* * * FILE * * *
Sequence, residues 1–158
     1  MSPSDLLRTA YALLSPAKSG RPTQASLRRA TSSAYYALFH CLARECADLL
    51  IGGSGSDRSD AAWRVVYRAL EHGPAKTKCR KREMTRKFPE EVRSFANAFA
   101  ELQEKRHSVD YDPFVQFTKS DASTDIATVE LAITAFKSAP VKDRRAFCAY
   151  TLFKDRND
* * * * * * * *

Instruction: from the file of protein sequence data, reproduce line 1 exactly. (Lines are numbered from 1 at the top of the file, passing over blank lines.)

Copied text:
Sequence, residues 1–158